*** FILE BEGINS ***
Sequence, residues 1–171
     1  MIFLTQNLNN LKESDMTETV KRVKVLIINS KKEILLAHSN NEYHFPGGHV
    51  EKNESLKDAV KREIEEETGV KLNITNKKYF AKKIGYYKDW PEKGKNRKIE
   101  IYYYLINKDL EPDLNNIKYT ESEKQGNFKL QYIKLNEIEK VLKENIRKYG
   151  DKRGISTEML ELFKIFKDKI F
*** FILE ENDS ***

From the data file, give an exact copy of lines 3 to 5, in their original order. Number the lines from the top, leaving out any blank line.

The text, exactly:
    51  EKNESLKDAV KREIEEETGV KLNITNKKYF AKKIGYYKDW PEKGKNRKIE
   101  IYYYLINKDL EPDLNNIKYT ESEKQGNFKL QYIKLNEIEK VLKENIRKYG
   151  DKRGISTEML ELFKIFKDKI F